Originally Posted by ChicagoTC
Ahh beautiful speakerporn! Well done They look very much at home, do you live on a golf course?
The speakers are very beautiful and my pictures can not do them justice. There is not a blemish or flaw to be found anywhere. Yes, I do live on a golf course as you can tell by looking at the photo backgrounds. It is a private course in a beautiful area known as Holly Lake in the "Pinney Woods" part of eastern Texas. I was lucky enough to retire at an early age back in 1995 so all I do now is travel, hunt, fish, play with my home theater stuff and golf nearly every day - a pretty good life I must say and I've been very lucky.
I was able to play Jim's demo cd disk yesterday on my OPPO dvd player which has better sound processing than most dedicated cd players. I have an Onkyo receiver and used Audysey to configure the proper settings as to speaker distance, db levels, equalization, etc. Audysey identified the Song Towers as "Full Band" speakers which is not surprising. I guess because the STs are so "Full Band" they are taking over some of the work normally reserved for the Center Channel. I have a large Cambridge Soundworks center that has shown up on Audysey before as "Full Band" but now the crossover frequency was set to 150HZ. What impact this would have had on the configuration I have no idea. I have Polk Bravo II surrounds and a dedicated 15" sub I use for movies.
I do not believe very much in DSP and other sound gimmicks. I like to listen to music in 2 channel stereo and movies in DTS or Surround. They can have all that other processing stuff although I must say that watching tv shows with the "TV Logic" mode enabled does help intelligibility. Well, that is the background.
The selections on Salk's audition disk, which he includes with each order, must have been very carefully selected because they really show off the qualities of these speakers from the start. If there is one word to describe the sound it is "clarity". There is no boom or "muddy" factor. They have a great sound stage and image especially if toed in a bit at around 40 degrees. I tried 20 degrees and the sound was too centralized and targeted. My speakers are about 10 feet apart on either side of my 104" Carada projector screen and 14 feet from the listening areas. I left the Audysey settings as they were for the musical review although I can almost bet I will have to tweak the subwoofer up a few db levels for my movie and home theater test this weekend.
As impressive as the "clarity" of Jim's disk was, I was more impressed with my music. I am an opera buff and listen mostly to classical music. In opera the vocals mean everything and I was initially drawn to Salk because of his emphasis on the mid-range. I played several cd selections of the late American tenor, Mario Lanza. Before, the power and richness of Lanza's voice was always apparent but it seemed to take on a new dimension with the STs, especially in the upper reaches. In the monologue from Otello, Lanza ends on a powerful high B. He attacks the note, hits it squarely and holds it for a very long time. All that could be heard very well on my old Cambridge speakers but something new happened here that I had sensed before but never got the full impact. About a second after ascending to this high note, the Lanza voice suddenly "blooms" forth not only with increased volume and power but with a "hallo" of sorts around the note. Italians call this added brilliance quality "squillo", a ping that serves as an exciting enhancement to the sound. This is not heard clearly on every speaker but on the Song Towers, this "blooming forth" sounded like a burst of sunshine as the voice soared upward and onward, pouring out gold from the singer's throat. My Cambridge speakers hinted at this but never captured it as did the Song Towers.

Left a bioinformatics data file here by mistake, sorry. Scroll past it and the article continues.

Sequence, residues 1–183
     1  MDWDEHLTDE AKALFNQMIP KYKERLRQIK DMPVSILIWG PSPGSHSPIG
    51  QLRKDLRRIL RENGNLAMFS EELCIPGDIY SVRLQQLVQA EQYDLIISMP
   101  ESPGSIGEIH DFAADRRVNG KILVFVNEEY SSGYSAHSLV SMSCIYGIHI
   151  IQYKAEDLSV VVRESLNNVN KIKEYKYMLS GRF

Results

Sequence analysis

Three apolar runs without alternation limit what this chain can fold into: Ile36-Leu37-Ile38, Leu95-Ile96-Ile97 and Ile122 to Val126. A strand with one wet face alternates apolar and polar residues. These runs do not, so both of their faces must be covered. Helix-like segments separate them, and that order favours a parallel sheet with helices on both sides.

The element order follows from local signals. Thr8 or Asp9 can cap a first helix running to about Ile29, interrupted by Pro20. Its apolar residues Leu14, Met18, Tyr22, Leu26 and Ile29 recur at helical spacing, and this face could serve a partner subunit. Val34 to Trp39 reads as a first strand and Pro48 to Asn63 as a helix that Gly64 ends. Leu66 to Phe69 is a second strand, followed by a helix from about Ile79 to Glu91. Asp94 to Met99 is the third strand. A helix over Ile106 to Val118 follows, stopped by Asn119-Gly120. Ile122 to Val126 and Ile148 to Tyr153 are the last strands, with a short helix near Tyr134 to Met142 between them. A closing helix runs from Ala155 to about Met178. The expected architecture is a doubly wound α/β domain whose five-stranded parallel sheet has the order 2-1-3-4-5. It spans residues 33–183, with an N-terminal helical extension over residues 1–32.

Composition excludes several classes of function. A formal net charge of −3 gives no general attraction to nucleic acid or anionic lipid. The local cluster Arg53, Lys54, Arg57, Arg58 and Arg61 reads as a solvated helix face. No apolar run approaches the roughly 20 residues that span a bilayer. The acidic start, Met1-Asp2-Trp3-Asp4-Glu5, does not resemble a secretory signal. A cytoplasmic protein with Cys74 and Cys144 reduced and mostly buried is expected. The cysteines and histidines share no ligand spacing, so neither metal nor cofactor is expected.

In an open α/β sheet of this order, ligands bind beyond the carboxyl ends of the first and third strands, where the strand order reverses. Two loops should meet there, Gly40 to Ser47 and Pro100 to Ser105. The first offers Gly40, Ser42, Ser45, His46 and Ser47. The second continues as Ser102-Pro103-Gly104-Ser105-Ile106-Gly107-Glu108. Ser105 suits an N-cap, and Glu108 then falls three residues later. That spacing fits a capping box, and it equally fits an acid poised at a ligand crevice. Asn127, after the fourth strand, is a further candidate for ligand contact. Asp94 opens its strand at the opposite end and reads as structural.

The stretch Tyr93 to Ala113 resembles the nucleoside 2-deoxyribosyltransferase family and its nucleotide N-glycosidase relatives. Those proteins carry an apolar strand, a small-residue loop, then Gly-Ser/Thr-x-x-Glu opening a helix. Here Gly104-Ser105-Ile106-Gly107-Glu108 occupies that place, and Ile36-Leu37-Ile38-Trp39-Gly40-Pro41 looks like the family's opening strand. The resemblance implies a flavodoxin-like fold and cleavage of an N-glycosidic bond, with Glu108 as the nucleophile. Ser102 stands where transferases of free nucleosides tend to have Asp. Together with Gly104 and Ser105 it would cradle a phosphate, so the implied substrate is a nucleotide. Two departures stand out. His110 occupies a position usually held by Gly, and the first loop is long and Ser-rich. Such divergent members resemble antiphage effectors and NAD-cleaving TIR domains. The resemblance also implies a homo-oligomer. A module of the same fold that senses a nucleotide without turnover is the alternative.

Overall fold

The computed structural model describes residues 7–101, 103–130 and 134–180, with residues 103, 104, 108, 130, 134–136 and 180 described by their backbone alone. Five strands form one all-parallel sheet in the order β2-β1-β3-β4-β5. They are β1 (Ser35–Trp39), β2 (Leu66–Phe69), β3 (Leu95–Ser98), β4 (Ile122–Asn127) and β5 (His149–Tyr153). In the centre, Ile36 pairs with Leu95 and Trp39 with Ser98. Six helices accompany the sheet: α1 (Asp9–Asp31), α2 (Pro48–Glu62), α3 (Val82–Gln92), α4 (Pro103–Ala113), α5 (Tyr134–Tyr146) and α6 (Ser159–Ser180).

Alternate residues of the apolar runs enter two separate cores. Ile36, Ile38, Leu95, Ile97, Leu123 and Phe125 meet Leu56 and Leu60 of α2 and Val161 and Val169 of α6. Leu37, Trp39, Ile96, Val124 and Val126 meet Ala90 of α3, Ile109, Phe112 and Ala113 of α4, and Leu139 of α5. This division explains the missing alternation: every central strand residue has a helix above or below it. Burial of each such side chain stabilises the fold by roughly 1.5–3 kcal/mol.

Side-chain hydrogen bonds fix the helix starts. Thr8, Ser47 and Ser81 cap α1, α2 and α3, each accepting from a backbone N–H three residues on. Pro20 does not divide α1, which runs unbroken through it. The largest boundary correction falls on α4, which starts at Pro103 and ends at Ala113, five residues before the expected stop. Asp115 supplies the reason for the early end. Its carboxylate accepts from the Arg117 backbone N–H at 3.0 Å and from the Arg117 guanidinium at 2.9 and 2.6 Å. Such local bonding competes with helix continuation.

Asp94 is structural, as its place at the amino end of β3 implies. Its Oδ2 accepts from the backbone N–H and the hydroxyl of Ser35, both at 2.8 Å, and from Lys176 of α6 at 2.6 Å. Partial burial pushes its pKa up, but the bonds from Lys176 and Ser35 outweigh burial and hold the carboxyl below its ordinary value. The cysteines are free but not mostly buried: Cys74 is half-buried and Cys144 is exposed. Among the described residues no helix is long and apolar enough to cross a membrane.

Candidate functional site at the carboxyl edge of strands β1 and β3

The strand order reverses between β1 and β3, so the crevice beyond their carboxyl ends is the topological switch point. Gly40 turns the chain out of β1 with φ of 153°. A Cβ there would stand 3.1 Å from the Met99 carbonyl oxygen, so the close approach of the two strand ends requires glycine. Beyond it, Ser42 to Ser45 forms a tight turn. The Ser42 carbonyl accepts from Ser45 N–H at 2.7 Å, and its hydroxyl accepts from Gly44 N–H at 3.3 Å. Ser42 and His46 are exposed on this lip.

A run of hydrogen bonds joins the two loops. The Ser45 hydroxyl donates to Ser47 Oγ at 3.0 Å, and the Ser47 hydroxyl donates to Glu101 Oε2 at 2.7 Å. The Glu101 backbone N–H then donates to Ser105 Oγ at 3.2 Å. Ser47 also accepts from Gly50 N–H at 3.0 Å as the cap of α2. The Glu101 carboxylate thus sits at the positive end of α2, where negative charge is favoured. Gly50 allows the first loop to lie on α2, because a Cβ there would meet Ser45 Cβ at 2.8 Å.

Tchaikovsky's third movement from his Symphony #6 was another revelation. Each note of each instrument could be identified and the climax never stressed the speaker one bit, even at a somewhat louder than normal level. These speakers are very efficient. Finally, Cecilia Bartoli's wonderful "A Portrait" disk was brought to life. Here, some of the selections are fast in a coloratura way with jumps, trills and musical quaivers that most speakers muddy up. The Song Towers "clarity" factor came in to play as the notes were all like bells, no matter how fast they were sung, how close together they were or how far the leap to get them there. The overall sound was seamless.
I know wanting something to work well often clouds the impartiality of a reviewer so I called in someone with far better hearing than me for another opinion. I asked her to bring two disks, preferably of her two favorite male and female singers. We listened to several selections from her Barry Manilow's "70s hits" disk and Celine Dion's "The Colour of My Love" concert. She commented immediately at the "presence" factor. She said the sound was so natural and the sound stage so "in front" that it was like being at the concert. She said she noticed, for the first time, individual sounds to the background instruments that she simply ignored before, thus adding to the overall enjoyment of the songs.
This weekend it will be the home theater test with Transformers, Godzilla remake and U-571. Although these speakers are very musical, I am sure they will do quite well with movies and these movies will put them to the test.